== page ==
Tuesday, April 3, 2012

Obscene Contracts

Armin Meiwes, Der Metzgermeister, wrote a very simple contract in March of 2001 (links omitted for the sake of civility {and I encourage you to refrain from seeking out any details on your own}). The offer was simple: he was "looking for a well-built 18- to 30-year-old to be slaughtered and then consumed." Now, since this contract was offered in Germany, I can't comment on the specifics of Teutonic Law as it relates to how the local court might have upheld the terms, but the main components of a valid contract seem to (arguably, of course) be present: offer and acceptance (by Herr Bernd J├╝rgen Brandes), consideration (this may be the crux of the argumentablity) and sufficiency. There appeared to be no coercion, and for the purposes of a thought experiment, we might assume that the contract included a cool-down period featured in many other life-or-death contracts, such as a euthanasia agreement. Naturally, we might ask if the respondent was indeed mentally impaired or otherwise incapable of forming a contract, but again, let's assume for the moment that this is not the case. In Anglo-American common law, this contract violates what is known as "unconscionability", a term of art that is as it sounds: the contract is so hideous that no court would consider enforcing it.

It is on these shifting shoals that we pilot the SS Euvoluntary Exchange. It seems reasonable that even if we grant all the other conditions on EE that we might still legitimately seek to bar parties from writing contracts over voluntary murder and cannibalism. We can assume that parties have rights over ownership and exchange, no appreciable probability of ex post regret, there exist no uncompensated externalities and no coercion by agency or circumstance exists and we still would find this kind of contract unacceptable. The curious question I have is what role money? Suppose that instead of Brandes offering his participation for non-pecuniary consideration that the offer included a cash transfer. I propose that if the ad had included the line 200,000DM embedded somewhere, the moral revulsion would increase exponentially.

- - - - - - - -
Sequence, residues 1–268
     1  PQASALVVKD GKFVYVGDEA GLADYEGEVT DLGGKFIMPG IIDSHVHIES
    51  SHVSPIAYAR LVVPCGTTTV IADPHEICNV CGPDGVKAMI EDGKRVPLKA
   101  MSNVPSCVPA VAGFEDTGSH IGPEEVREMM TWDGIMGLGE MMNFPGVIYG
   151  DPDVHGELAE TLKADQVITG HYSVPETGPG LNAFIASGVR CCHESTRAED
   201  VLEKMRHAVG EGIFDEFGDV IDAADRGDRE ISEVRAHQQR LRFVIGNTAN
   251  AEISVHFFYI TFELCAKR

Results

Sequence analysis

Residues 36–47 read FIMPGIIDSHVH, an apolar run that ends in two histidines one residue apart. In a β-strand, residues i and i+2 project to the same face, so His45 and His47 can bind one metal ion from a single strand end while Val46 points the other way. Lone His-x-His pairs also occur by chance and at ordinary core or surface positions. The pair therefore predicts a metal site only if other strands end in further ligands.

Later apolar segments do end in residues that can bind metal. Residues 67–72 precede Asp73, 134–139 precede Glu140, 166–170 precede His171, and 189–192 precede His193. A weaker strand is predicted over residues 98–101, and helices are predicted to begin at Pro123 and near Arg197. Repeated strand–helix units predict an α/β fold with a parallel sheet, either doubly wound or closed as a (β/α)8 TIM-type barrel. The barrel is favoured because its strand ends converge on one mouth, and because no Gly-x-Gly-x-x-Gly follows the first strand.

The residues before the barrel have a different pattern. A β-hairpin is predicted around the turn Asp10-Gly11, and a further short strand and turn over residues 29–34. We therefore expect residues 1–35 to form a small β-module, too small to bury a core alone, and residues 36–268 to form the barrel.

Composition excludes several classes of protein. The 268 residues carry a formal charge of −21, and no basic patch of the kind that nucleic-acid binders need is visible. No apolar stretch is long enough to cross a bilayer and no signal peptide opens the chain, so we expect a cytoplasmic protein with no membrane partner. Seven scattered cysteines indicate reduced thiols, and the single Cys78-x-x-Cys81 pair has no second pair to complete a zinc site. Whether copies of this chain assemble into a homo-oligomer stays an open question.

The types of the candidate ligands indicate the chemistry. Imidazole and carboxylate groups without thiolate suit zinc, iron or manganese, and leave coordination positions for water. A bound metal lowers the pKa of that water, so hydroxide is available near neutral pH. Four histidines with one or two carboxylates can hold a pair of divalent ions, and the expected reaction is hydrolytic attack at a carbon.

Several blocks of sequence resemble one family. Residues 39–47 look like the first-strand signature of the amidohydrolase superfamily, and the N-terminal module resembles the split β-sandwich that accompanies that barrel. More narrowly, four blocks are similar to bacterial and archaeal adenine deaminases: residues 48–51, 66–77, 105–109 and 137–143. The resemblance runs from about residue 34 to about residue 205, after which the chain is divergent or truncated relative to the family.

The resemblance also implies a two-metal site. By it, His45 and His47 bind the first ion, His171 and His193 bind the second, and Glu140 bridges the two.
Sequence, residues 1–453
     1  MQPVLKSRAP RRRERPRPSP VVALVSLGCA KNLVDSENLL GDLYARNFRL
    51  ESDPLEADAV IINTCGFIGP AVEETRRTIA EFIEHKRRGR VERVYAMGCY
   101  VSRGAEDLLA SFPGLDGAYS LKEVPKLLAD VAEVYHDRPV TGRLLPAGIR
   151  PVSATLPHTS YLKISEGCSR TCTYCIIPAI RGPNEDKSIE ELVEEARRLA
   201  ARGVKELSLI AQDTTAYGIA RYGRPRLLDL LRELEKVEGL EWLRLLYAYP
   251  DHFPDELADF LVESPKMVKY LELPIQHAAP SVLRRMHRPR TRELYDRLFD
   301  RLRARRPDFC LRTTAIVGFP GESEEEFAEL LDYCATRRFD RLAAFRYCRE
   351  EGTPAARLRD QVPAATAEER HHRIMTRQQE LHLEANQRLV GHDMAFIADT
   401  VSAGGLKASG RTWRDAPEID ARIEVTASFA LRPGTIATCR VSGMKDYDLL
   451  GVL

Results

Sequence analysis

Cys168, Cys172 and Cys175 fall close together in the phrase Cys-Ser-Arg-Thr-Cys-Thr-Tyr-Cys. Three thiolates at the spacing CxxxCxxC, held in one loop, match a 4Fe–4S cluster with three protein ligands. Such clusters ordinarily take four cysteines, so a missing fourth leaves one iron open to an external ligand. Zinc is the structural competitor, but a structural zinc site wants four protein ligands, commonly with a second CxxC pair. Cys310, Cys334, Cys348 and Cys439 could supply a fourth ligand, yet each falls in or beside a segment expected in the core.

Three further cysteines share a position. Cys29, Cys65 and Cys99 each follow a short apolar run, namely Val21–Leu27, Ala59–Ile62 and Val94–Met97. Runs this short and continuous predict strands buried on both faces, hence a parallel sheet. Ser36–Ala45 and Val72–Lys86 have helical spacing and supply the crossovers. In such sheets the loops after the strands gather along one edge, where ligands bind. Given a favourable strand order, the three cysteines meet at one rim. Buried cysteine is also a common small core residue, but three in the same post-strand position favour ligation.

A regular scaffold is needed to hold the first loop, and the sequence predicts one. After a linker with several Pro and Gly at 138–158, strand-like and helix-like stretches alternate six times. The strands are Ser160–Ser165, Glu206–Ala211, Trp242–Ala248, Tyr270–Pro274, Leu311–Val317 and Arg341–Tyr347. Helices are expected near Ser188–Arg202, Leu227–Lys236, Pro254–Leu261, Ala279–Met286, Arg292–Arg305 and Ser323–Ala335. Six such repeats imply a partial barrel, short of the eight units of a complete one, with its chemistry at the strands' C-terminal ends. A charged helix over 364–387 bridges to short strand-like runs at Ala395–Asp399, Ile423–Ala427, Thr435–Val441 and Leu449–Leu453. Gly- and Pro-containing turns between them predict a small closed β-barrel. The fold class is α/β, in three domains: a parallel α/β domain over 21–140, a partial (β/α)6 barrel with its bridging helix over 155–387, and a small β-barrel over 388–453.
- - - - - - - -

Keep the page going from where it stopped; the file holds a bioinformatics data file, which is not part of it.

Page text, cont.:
Now, clearly the case of Meiwes and Brandes is a rather extreme example, but I suspect that similar moral sentiments linger as we relax the monstrosity of the contract. A contract to indulge a street fight between homeless people might be objectionable, but once you offer them $20 to bloody each others' noses, it seems downright criminal. An exchange of explicit cash consideration amplifies extant revulsion. Volunteering to protect a physically weaker friend from attack by bullies is gracious and noble; selling such services as a hired bodyguard is mercenary and ignoble.

At any rate, I think it's quite interesting that this whole "conscionability" concept exists. It seems to imply that even if every other legitimate condition for trade can be met, there remain some things that are just (to misquote Andreoni) some things that are just so icky that it's not in the interests of society to permit enforcement. Perhaps a seventh condition for EE would be something like: (7) trade is not unconscionable under the common law definition.

But seriously, don't look up the details of the Meiwes case. It's pretty gross, people.


  1. There has to be an agreeable definition for "too crazy to make enforceable decisions" and this satisfies.

    I always rationalized the concept of unconscionability in court by saying "this agreement is so unconscionable no one would have ever agreed to it, therefore although we do not know what went wrong, perhaps one party did not understand what they were agreeing to, it is safe to say something went wrong and there was no actual meeting of the minds in this case."

    1. Agreed. Clearly, in the case of a murder-cannibalism contract, the presumption of sanity is, well, let's be generous and call it tenuous. However, there is legitimate and widespread disagreement over the unconscionability of, say, euthanasia contracts. Because the morality of some classes of contracts are conditional on social mores, the amount of tacit knowledge in society and the particular vagaries of space and time, we should expect to see plenty of challenges to case law. For the purposes of EE, we might want to be careful about what our moral intuitions say about the role of cash vs. in-kind consideration however.


Do you have suggestions on where we could find more examples of this phenomenon?